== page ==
You have been described in the business press as one of the ‘UK’s most influential business academics’, where did this all start for you and how did you get into procurement?
Like many people in procurement, I fell into it!
I would like to think people now choose it as a career, but when I left school, I didn’t have a degree, I had done A Levels in art, English and history.
I had no idea what I wanted to do other than draw pictures but I applied for the ICI trainee scheme.
I lived in Cheshire and ICI was a big manufacturer in our area, I was successful and they placed me in procurement.
So, they are to blame for my career!
I spent 11 years there in various roles looking at ERP systems, managing suppliers, suppliers’ relationships, and supply training and really enjoyed it.
From there I did a business degree and got interested again in purchasing as a subject and a research area.
I then joined Liverpool’s John Moores University as a lecturer and completed my PhD.
I was there for 11 years and I have been at the University of Liverpool Management School for the last 10 years.
What are you most passionate about when it comes to procurement?
Really around my title, responsible procurement.
There is this age-old discussion that anyone can do procurement.
We all shop, we all buy things we all have this intuitive sense of what procurement is.
But when you do that for a business the responsibility is far greater.
That is not just financially, but the impact of our spend goes far wider than we possibly are aware.
Procurement doesn’t just buy from supply markets, procurement shapes markets.
I am particularly interested and passionate in pulling apart what those impacts are and how we can be more responsible and seeing those impacts whether they are environmental, socio-economic impacts or impacts on nature or our communities, and how we can be more mindful of the impacts we have and how we can be responsible in our procurement.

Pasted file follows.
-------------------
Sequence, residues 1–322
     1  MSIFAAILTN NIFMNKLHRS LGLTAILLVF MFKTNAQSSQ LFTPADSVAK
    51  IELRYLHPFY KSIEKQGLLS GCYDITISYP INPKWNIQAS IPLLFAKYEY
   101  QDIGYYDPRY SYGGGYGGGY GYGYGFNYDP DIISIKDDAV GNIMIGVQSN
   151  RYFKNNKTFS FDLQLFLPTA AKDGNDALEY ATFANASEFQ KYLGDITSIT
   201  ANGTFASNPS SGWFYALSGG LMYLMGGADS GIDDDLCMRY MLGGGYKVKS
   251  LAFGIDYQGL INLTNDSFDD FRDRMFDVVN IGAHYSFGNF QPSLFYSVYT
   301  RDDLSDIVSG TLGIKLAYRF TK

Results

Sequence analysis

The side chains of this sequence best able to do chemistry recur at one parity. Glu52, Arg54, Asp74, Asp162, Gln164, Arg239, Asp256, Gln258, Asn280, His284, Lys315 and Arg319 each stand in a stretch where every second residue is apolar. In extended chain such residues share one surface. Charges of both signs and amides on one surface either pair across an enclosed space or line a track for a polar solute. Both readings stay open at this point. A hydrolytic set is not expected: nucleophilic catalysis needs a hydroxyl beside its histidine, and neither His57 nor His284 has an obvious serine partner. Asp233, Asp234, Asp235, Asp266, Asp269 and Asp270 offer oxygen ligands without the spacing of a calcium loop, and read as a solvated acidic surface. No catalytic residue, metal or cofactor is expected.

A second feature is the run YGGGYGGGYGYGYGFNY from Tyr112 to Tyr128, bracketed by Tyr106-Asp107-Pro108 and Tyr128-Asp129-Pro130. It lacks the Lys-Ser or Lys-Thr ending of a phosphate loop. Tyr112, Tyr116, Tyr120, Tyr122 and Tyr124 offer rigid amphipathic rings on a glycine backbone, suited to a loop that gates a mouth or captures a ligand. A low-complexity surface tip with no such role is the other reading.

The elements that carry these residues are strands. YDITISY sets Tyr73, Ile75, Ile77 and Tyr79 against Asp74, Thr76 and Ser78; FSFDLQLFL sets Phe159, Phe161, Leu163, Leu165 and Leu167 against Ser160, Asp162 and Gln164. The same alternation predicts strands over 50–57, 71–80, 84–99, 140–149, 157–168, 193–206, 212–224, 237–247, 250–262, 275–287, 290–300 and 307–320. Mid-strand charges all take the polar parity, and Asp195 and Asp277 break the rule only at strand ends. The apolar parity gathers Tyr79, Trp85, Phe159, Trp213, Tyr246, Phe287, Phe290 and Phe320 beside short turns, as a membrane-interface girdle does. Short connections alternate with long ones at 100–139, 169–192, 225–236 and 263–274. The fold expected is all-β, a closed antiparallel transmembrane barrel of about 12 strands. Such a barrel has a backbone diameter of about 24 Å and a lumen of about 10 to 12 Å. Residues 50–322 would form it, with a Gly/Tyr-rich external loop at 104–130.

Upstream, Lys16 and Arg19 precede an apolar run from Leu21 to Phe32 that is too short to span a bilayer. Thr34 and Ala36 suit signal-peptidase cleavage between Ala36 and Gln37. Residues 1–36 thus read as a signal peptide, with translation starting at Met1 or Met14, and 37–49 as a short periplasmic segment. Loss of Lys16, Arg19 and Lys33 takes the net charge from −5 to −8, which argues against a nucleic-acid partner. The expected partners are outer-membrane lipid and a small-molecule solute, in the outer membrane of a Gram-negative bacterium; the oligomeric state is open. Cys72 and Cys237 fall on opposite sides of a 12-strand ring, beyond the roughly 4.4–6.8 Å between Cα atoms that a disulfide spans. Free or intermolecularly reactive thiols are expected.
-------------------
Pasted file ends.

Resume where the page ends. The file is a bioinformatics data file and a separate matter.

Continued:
Does procurement need modernising?
Yes and no.
Yes, we need to be more conscious of how we address the problems in the world in a way that is more fundamental to what we do, rather than just an add-on or making sure our suppliers have got targets for net zero.
It needs to be much more of a systematic appraisal of how procurement plays a role and may be unwillingly complicit in environmental damage or consumption and labour rights, so yes, it needs to modernise in those areas.
But, you can also argue it depends on what we think innovation and development mean.
In many ways we need to un-modernise, it is very much the case that some of the trends in the modern world for owning and consuming things are part of the problem and we can probably learn some very good lessons from history.
How was procurement done before we needed to own everything, well we shared resources, we didn’t waste, and we didn’t overconsume.
I think the lessons need to go away from purely scaled procurement models to set some boundaries about where we buy from and truly understanding what ecosystems we are in, rather than aiming for big global monolithic markets.
So we need to have much deeper debates about how we can create sustainable value differently that moves us away from resource consumption and ownership of assets, and which has positive impacts on people and the natural world.
How do you foresee the future of procurement in the next 5-10 years?
It could go a number of ways, I think the dominant way in which it is going at the moment is supply market concentration, which is concerning.
We have seen market concentration as a result of Covid, where we have fewer suppliers, therefore we have less diversity, and we have less choice, and less opportunity to shape a preferable market.
There are fewer options to do that when you have market concentration, and it can lead to, or exacerbate conditions for workers.